Since we’re discussing the virtue of self-control let’s also take a look at self-control (temperance) as a fruit of the Spirit.
The question we should look at is this: If self-control is a fruit of the Spirit, wouldn’t it automatically come natural to those who belong to God?
The Bible tells us that those who belong to God have crucified the flesh with the affections and lusts. (Galatians 5:24) Those who walk in the Spirit walk according to the wisdom they’ve been given. In other words they make choices day after day to put away sin. With that said, let’s praise God for His unfailing grace. Putting down my flesh is a daily process, and I’m no where near completion.
Putting away sin is more than a decision, it calls for a measure of self-control. Without conviction however, that self-control won’t be worth much. The Spirit gives us strength for the journey.
Let me give you an example. During my twenties I started struggling with my weight. I went from a 98 pound bride to a 150 pound 30-something-year-old within ten years. I’m short so the extra bit of weight was uncomfortable and I was into plus-sized clothing. I tried everything to take off the weight, but nothing would stick.
Self-control didn’t work. I mean it did for a while, but it never had the long-lasting affect I was looking for.
One day it hit me. The problem? I wasn’t convicted. I’d go for about three days controlling my appetite, but the moment the arguments set in (and they always did) I had nothing to fall back on. Aside from the fact that I wanted to lose a few pounds there wasn’t any valid reason I could think of for sticking to the plan.
That is until I started to study God’s Word. I mean really dig in. After finishing the Bible, I read it again, and again, and again, and again… then I went to the Greek and read that again and again and again. I must have gone through the entire Bible about six-eight times that year. I was hungry for the Word, but more importantly I was convicted.
Scripture after scripture talked about the virtue of self control. It talked about controlling our appetites, about greed, and how our bodies are temples of the Holy Ghost. It talked about crucifying the flesh and anything else that controls you.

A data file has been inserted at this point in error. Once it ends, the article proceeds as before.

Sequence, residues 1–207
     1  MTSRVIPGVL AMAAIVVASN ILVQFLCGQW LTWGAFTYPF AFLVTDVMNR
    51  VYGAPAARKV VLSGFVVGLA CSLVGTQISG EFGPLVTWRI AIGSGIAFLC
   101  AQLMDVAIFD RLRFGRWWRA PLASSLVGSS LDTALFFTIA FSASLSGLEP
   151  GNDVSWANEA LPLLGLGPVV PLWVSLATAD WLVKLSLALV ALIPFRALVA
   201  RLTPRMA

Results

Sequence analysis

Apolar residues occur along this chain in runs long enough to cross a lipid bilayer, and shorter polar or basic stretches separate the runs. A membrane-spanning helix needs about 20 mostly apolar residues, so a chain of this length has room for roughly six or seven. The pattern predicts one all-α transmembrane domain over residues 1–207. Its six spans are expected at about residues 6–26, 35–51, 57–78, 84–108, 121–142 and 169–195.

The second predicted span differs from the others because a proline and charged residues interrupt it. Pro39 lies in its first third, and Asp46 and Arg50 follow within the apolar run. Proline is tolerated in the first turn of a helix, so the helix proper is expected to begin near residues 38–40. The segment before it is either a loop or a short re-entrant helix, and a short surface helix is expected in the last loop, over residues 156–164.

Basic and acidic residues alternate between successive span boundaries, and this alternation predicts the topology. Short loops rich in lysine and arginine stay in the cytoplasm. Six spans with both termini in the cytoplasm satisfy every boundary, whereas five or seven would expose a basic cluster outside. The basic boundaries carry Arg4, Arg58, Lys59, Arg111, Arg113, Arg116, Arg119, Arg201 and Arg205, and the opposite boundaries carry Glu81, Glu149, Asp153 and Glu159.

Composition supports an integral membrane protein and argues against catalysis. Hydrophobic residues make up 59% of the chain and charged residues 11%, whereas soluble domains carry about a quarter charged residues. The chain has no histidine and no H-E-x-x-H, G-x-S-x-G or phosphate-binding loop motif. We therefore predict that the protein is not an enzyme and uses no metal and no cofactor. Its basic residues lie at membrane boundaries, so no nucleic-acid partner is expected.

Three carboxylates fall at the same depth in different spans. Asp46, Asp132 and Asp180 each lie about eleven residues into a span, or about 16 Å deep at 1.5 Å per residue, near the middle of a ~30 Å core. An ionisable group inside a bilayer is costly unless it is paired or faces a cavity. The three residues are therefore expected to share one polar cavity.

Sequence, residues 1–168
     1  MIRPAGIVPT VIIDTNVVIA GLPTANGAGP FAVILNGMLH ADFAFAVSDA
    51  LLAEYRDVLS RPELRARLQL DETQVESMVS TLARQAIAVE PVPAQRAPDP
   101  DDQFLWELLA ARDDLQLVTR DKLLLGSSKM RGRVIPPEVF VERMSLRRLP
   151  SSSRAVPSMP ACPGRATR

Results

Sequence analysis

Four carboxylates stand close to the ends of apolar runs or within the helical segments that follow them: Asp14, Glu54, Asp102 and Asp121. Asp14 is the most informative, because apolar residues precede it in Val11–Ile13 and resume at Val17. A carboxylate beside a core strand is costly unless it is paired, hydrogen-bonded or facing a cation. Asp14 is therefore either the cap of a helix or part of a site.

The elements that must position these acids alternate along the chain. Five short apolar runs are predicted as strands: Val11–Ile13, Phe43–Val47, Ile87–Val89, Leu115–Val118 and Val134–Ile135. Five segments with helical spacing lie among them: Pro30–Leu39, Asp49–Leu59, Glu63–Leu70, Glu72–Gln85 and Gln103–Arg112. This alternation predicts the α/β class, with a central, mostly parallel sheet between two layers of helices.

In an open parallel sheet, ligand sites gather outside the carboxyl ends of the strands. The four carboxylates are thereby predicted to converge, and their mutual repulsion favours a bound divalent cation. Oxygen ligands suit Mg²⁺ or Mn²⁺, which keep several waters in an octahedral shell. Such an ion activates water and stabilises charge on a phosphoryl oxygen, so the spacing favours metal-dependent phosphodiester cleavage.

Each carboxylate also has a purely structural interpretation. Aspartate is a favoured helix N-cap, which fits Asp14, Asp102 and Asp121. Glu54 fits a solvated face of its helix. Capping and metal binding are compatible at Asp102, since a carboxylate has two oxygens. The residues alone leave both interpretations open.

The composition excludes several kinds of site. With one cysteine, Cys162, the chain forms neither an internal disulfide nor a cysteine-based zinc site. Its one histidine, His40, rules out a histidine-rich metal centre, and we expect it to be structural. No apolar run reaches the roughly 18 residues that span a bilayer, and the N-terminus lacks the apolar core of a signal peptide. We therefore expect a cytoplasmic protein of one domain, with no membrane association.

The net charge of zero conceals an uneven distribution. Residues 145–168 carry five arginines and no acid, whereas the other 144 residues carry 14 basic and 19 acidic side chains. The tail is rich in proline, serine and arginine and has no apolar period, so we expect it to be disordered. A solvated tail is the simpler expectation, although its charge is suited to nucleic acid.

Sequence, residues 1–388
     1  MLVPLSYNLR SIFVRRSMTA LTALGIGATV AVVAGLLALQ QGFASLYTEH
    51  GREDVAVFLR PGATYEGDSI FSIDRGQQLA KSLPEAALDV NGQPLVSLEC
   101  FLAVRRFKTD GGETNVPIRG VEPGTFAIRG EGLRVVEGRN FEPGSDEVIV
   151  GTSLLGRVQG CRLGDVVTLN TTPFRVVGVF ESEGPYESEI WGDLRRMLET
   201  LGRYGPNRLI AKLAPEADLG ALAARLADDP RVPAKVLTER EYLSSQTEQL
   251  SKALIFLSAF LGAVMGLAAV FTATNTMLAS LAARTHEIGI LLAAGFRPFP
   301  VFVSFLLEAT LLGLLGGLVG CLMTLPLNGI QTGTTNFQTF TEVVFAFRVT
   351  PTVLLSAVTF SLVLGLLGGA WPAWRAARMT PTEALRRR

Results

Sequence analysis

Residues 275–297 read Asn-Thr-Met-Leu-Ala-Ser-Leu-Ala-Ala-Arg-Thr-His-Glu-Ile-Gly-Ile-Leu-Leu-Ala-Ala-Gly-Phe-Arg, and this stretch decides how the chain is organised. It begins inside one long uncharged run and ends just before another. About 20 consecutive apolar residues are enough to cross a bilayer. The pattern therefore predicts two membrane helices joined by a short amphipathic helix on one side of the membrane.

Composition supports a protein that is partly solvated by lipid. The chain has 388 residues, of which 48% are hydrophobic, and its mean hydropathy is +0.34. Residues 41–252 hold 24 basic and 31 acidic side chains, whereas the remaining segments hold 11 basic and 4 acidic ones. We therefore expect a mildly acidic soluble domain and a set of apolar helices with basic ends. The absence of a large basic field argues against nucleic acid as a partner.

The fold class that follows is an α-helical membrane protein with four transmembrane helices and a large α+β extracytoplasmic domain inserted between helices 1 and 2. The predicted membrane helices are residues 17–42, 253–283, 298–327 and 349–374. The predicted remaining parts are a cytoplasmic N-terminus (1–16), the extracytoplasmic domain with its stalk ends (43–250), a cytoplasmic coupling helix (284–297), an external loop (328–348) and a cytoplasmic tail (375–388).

There isn’t anything wrong with eating a Twinkie at 2:00 am, but the question to ask yourself is, do you control your appetite or does it control you?
Here’s a little wisdom from Paul. He’s talking about the freedom we have in Christ:
“Everything is permissible for me”–but not everything is beneficial. “Everything is permissible for me”–but I will not be mastered by anything. – 1 Corinthians 6:12, NIV
The same could be said about anything in your life. Ask yourself if you’re in control, or you’re being controlled.
We serve a God Who wants our adoration. He wants our hearts in their entirety. If we are mastered by the things of this world, we’re sharing our heart with another.
That deep conviction was life changing for me. I lost 40 pounds and kept if off for over a decade. Day after day, I made wise choices and I kept making wise choices even when the going was tough.
Why I’m overweight now is a combination of two things. One is that I have this crazy medication for my tremors that slows down my body. I’m exhausted most of the time and all I want to do is sleep. Without it I shake–a lot. One year I was exercising every day, the next I was struggling to stay awake.
The other reason–and this is of most importance to me–is that this conviction hasn’t been as real to me as it once was. I’ve let things slip. I know that if I get back to exercising every day that I’ll have more energy, and I know that eating better and drinking less caffeine will make a difference too. Like Paul says in Romans 7:15, “For what I would, that do I not; but what I hate, that do I.”
This is an area of my life that I need to give up to God. I need to trust His wisdom that says, everything is permissible, but not everything is beneficial. I need to exercise this area of my life until my Spirit is ruling the flesh. Maybe I can’t do everything I used to do, but I definitely can make some changes.
This isn’t easy to talk about. It’s embarrassing in fact. But the truth is that appetite is a struggle so many of us are wrestling with.
We know what is good, what is right, and what is true, but day after day we follow the lust of the flesh that leads to more junk in the trunk.
The bottom line is that you’re not struggling with food. You’re struggling with self-control. Your flesh is at war with your Spirit.
Which one will win?
The one that you feed.
As for you skinny girls, you’re not off the hook. The same principle applies to each and every one of us, as we struggle with self-control in different areas. If we’re not ruled by the Spirit we’re being ruled by the flesh.
And so we see that the fruit of self-control is the result of a person who is walking in virtue by making daily decisions to put down the flesh. She’s equipped with wisdom, and she’s down on her knees in prayer.
A virtuous woman isn’t ruled by her passions, she passionately pursues an incomparable God. She is strong because she knows that she can do what she wants, but she chooses to do that which is good.
As I’m writing this, I feel the hand of God gently tug on my heart. He’s speaking to me as He’s speaking to you. These words aren’t solely for the purpose of writing, but rather that the reader as well as the author will take them to heart, draw closer to Him, exercise virtue, and start changing today.
The schedule for this series
Week 1: Introduction
Week 2 – Purity Pt. 1
Week 2 – Purity Pt. 2
Week 3 – Self Control Pt. 1
Week 3 – Self Control Pt. 2
Week 4 – Discussing the Virtue of Love
You are loved by an almighty God,
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